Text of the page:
Another, even easier method is to use high gloss acrylic medium for your model railroad water. Prepare the bed as above, but when it comes time to add the water medium, brush on a coat of high-gloss acrylic medium instead. This goes on white but dries clear. Add more coats as you need to. You can make small waves or ripples with this by how thick the coat is and how you apply the brush strokes.
I have read about other methods for simulating model railroad water such as using a sheet of Plexiglas, painting the bottom as you would the base of the pond, laying the Plexiglas down into the bed with the painted side down and then applying high gloss acrylic medium liquid to the surface. This is supposed to give the water more depth. I’ll be anxious to try it the next time I need a lake.
Rivers and creeks
One of the most interesting scenes you can create on a model railroad, I think, is that of a stream weaving along the side of a railroad track in a hilly or mountainous region.
The first thing to think about is, does the stream have a source and a destination, real or imagined? It can’t just end in a clump of trees. It could go behind a hill into an area imagined, but not visible. It could empty into a larger body of water. You could have 2 or 3 creeks winding down from the mountains and joining into a stream or river.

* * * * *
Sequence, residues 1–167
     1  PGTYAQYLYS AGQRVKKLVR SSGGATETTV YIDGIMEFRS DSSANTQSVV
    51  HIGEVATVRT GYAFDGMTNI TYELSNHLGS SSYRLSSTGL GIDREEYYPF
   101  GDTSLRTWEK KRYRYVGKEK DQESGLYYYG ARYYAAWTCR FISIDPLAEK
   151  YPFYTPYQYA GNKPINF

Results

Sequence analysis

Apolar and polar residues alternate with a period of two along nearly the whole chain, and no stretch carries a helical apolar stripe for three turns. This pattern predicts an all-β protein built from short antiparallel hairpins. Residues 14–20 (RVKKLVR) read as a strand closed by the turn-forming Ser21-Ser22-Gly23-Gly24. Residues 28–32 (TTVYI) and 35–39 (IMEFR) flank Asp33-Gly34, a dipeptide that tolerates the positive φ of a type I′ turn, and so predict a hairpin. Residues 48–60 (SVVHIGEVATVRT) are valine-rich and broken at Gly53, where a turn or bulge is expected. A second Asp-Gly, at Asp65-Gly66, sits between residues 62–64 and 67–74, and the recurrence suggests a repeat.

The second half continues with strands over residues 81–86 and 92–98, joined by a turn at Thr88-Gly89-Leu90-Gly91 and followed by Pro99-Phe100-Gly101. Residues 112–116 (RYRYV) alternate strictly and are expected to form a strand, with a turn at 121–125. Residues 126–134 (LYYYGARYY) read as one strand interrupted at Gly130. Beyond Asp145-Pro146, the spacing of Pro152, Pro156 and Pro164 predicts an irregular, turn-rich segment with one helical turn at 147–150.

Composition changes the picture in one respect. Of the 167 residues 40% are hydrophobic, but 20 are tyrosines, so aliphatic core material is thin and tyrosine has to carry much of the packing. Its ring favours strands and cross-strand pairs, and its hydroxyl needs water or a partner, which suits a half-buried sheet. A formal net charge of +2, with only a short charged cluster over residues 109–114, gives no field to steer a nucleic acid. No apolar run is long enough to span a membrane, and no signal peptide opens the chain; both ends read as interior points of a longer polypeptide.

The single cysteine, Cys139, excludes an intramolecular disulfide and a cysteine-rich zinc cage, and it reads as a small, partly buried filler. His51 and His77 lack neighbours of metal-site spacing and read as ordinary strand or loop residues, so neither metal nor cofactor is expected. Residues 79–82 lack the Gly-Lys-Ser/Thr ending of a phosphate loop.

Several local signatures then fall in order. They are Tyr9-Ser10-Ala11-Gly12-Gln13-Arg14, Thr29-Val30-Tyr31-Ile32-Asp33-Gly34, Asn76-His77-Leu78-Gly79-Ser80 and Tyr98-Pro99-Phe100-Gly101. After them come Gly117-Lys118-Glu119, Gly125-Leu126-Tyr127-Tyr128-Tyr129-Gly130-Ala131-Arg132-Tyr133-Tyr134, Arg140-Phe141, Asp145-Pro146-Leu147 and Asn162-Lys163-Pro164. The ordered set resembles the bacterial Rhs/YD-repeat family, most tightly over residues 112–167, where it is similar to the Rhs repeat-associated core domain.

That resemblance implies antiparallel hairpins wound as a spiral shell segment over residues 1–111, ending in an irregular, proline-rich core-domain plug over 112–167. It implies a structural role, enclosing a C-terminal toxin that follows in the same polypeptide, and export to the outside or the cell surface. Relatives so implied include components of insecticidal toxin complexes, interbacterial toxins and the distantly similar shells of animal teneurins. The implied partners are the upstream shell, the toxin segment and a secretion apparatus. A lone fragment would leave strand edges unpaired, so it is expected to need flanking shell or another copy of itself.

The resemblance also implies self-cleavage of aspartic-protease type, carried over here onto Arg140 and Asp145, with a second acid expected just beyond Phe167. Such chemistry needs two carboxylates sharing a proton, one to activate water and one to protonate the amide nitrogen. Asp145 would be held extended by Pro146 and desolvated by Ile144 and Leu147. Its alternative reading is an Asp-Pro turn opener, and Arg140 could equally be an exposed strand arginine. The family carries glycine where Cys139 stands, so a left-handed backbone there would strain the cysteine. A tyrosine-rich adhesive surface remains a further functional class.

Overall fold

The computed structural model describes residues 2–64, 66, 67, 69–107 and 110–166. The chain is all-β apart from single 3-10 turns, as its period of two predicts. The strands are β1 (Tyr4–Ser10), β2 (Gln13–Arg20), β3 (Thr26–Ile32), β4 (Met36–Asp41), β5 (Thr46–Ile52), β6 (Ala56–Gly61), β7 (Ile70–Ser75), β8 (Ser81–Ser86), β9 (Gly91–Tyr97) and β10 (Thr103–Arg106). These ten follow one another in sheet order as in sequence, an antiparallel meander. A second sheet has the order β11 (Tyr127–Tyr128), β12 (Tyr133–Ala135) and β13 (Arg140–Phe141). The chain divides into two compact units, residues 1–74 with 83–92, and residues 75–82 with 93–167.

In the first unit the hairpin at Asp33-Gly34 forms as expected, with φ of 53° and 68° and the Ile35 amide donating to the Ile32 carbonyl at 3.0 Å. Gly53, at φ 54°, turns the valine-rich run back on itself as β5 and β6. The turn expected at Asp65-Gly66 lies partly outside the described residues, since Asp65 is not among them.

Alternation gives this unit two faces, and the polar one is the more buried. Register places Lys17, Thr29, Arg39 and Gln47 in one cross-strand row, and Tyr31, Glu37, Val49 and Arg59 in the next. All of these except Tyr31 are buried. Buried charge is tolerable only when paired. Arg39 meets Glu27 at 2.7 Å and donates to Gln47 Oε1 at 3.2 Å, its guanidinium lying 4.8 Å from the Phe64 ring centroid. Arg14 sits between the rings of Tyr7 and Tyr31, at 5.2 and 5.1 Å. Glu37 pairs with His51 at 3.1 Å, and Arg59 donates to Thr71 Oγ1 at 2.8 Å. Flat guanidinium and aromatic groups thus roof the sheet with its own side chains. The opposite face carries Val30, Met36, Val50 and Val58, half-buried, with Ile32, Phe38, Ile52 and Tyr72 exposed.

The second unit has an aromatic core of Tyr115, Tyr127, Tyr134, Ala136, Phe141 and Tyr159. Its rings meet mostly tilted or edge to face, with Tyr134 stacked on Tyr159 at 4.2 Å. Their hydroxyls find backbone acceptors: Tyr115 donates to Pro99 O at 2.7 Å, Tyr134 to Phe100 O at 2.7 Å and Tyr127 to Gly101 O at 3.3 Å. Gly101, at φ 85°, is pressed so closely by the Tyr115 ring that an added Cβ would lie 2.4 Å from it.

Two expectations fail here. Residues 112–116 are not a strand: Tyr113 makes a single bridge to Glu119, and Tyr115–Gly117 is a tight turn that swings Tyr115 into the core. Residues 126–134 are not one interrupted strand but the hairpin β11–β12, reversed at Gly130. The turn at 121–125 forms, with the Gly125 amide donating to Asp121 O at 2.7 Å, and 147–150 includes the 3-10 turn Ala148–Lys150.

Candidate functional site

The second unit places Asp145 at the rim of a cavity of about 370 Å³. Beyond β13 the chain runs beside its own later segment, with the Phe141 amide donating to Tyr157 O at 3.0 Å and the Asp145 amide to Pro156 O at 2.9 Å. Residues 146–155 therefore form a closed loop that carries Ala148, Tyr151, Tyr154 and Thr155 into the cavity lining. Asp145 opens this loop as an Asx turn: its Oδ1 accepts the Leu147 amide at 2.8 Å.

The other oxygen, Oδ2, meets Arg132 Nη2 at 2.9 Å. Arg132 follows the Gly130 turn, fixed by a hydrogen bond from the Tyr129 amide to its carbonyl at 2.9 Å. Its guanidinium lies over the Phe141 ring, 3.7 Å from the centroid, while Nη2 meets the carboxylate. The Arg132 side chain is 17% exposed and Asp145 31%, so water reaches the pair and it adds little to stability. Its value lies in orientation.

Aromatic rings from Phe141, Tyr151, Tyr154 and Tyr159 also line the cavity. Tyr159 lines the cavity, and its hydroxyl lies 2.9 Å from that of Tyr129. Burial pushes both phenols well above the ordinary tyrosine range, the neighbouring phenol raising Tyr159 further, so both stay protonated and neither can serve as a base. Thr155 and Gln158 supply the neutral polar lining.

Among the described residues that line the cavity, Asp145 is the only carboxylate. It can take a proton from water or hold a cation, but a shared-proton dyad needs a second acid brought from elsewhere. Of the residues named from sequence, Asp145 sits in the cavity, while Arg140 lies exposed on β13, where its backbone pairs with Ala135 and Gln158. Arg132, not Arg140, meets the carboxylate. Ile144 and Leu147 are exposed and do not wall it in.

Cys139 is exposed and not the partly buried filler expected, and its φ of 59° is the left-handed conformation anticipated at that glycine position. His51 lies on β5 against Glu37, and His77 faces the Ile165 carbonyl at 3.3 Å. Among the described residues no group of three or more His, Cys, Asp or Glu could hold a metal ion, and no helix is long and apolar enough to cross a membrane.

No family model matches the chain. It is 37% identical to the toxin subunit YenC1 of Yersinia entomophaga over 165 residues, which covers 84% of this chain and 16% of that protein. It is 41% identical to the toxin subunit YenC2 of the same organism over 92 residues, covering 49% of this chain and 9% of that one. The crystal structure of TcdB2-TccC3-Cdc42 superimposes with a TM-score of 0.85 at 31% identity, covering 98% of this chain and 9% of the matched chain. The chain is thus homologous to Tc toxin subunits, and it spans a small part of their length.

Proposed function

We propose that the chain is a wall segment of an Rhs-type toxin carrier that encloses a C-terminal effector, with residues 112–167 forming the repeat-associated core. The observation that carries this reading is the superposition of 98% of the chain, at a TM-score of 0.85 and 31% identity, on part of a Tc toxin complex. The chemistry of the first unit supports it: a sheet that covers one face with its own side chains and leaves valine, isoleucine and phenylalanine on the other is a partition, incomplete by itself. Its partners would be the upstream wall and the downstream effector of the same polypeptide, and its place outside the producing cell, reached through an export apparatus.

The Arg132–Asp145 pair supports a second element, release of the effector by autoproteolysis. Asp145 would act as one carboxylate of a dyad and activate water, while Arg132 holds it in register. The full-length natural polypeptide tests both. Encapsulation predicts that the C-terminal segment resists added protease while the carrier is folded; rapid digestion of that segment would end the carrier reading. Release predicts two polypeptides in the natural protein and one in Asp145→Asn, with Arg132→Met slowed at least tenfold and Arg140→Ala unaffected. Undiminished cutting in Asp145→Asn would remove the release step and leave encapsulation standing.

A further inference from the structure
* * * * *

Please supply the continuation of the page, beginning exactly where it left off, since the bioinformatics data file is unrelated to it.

The preparation of the bed is similar to that described in the pond section, except that the surface doesn’t have to be perfectly smooth and flat. In fact, you may want a lot of irregularity in the surface. (Sculptamold could be used for the base.) Also, the paint colors you use for the riverbed may be more likely a green-brown or gray-brown color since moving water is usually muddy; although it doesn’t have to be. You may want rocks or trees in the water at the edge of the river. You may want to add fallen trees or branches at the water’s edge.
After you have most of this scenery in place, use the high-gloss acrylic medium and brush the fluid onto the surface of your riverbed. You can simulate rippling and rushing model railroad water by using a stippling and/or streaking effect with your brush or small stick. The water downstream from rocks or branches will have more evidence of agitation, which tapers to a point a cm, or two behind the rock or branch. You may want to use high gloss acrylic gel instead of the liquid acrylic medium to model very agitated water in rapids or over short waterfalls.
Use reference photos to help make your streams, rivers and lakes as realistic as possible. It always helps to see what it looks like in a photo rather than trying to reproduce it from memory. You will almost certainly detect and reproduce more details that way. The better your model railroad water looks, the happier you will be with it in the long run, and the more enjoyment you and others will get out of it.